HPE EVA Storage

eva controller backplane corrosion

 
Greybeard
Esteemed Contributor

eva controller backplane corrosion

Is this a design flaw?  I have now seen four EVA controllers with fried backplanes in the last three months, what the heck is HP playing at!  Anyone else with a lot of EVAs seeing this, and why is there no FRU part listing for the backplane, come on HP.

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4 REPLIES 4
Johan Guldmyr
Honored Contributor

Re: eva controller backplane corrosion

Is that where the battery connects? How do you protect from a battery leak?
Greybeard
Esteemed Contributor

Re: eva controller backplane corrosion

Yes this is the cache battery connector, and we have examined the bateries but found no sign of leakage, it may be that the controller continues to try and charge the batteries after they have failed, leading to thermal damage of the connector and backplane.  This has now been seen on several EVAs using HSV200, 210A and 210B controllers on different sites so I think simple leakage unlikely, I have spoken to other admins and their engineers have also seen this on more than one EVA. The only common factor seems to be the age of the equipment (gen 2 and 3).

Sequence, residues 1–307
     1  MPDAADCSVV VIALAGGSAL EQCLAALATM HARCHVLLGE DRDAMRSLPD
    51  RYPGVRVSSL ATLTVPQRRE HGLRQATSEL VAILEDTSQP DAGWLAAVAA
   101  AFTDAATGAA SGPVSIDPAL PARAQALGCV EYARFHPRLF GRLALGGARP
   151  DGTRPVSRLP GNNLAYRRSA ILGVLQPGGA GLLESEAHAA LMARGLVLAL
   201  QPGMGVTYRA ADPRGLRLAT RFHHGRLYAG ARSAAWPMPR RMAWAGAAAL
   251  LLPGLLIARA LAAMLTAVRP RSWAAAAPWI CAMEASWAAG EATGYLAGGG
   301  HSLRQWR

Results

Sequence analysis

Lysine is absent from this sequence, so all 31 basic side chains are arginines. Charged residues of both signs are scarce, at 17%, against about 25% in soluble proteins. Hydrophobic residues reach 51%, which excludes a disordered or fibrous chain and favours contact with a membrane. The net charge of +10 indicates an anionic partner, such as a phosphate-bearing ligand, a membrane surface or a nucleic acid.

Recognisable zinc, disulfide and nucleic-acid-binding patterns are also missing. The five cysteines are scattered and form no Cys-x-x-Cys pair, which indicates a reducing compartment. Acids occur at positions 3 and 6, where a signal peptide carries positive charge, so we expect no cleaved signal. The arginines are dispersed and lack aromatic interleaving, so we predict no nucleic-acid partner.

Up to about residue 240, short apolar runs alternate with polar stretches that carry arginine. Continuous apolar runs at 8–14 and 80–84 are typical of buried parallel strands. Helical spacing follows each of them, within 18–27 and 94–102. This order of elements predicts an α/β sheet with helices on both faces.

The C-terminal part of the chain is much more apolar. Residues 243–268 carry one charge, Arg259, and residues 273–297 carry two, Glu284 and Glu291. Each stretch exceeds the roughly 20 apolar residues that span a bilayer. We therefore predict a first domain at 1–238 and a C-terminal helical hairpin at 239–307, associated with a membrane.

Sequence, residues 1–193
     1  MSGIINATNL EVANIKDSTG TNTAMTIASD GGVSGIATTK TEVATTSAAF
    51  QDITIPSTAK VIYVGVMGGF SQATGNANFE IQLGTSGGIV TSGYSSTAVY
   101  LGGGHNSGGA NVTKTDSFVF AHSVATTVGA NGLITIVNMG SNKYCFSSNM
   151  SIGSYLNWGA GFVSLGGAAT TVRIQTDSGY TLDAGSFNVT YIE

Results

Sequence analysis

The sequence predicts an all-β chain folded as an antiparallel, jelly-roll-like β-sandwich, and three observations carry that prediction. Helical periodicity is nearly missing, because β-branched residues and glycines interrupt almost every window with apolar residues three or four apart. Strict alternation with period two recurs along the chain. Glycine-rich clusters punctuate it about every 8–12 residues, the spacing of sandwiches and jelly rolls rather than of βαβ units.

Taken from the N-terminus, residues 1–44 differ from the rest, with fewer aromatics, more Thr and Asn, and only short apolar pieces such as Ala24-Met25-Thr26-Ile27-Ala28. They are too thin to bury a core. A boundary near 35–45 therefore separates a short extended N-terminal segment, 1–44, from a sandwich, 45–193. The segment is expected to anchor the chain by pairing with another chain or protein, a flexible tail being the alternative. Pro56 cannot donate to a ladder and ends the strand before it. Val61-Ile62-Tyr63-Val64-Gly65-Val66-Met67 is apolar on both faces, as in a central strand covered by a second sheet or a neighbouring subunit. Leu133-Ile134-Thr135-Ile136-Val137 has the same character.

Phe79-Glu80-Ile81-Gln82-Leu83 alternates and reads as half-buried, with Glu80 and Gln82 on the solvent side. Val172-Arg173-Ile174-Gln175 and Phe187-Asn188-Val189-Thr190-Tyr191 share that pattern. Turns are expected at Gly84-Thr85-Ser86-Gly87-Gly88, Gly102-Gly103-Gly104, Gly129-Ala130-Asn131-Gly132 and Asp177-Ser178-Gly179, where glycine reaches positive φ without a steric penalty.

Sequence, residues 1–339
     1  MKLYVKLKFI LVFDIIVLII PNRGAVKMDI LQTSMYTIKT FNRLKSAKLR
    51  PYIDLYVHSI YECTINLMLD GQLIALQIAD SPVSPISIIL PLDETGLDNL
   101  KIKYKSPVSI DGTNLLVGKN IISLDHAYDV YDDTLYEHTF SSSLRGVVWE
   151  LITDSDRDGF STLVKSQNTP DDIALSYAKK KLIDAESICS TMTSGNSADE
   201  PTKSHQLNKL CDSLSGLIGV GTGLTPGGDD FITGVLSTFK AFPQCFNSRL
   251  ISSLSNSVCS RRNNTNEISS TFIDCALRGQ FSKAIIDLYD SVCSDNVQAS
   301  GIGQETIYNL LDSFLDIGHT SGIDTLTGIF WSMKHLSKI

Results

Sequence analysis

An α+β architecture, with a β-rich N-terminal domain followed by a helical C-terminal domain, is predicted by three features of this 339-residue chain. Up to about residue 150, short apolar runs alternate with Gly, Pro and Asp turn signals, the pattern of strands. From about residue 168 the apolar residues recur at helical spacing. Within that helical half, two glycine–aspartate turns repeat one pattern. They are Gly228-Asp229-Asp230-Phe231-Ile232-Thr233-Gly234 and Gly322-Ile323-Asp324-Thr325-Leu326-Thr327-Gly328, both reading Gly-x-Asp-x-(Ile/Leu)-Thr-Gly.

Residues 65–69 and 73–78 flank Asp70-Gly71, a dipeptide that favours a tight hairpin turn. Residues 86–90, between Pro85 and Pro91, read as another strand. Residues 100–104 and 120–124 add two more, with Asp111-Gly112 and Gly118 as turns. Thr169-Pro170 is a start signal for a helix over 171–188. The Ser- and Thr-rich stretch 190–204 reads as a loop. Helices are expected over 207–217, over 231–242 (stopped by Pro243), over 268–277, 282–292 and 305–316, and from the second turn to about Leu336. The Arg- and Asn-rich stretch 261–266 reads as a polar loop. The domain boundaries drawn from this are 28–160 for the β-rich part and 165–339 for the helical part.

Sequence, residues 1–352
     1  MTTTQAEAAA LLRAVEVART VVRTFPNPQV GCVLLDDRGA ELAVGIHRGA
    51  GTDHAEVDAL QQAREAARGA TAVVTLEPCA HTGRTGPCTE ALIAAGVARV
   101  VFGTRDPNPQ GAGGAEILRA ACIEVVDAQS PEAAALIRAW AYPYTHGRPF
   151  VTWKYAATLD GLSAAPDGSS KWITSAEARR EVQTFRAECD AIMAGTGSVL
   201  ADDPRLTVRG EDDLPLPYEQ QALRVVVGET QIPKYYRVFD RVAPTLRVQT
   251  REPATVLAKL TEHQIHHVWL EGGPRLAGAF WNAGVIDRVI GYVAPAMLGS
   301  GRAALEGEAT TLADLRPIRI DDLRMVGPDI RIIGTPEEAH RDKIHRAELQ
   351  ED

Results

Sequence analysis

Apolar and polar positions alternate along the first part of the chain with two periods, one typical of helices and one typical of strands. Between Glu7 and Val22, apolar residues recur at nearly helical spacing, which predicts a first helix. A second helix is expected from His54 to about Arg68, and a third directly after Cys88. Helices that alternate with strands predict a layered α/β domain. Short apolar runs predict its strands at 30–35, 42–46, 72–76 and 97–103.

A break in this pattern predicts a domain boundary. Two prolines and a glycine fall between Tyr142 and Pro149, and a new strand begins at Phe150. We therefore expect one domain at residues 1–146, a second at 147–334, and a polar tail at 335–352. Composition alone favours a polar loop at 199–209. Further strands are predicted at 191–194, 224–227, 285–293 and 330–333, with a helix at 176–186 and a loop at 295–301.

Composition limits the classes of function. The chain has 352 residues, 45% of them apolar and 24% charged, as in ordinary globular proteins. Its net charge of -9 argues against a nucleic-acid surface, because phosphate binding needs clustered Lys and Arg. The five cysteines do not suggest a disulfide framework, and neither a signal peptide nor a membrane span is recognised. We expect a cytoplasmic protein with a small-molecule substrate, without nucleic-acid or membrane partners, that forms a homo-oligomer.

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hvhari
Esteemed Contributor

Re: eva controller backplane corrosion

There was a recent notification from HP that batteries will be replaced by HP Support personnel in case of failure.

 

http://h20000.www2.hp.com/bizsupport/TechSupport/Document.jsp?objectID=c02925460

 

Once the corrosion happens , the controller needs to be replaced.

Regards,
Hari

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Greybeard
Esteemed Contributor

Re: eva controller backplane corrosion

I think you've missed the point of that advisory somewhat, it states that due to potential leakage, residue, HP now feel the battery should be replaced by themselves rather than as a CRU, in effect an admission of poor battery quality. However if their poor quality batteries now require a payment to an HP service engineer in order to be replaced then when said poor quality component damages my controller that controller should be replaced at HPs expense surely!  As it is, I spent 19 years with DEC, Compaq and HP and as a SAN specialist I feel I am suitably experienced to say that in my opinion the number of backplanes seen (as a percentage of those to which I have access) which have exhibited a failure of this nature suggests we are looking at a major design and quality control issue, and the response from HP is to say that customers should now pay for an engineer (who has presumably been instructed to have a look at the connector when replacing the battery) which is not acceptable. They should be offering an extension on the warranty for the backplane and supplying them to customers free of charge.

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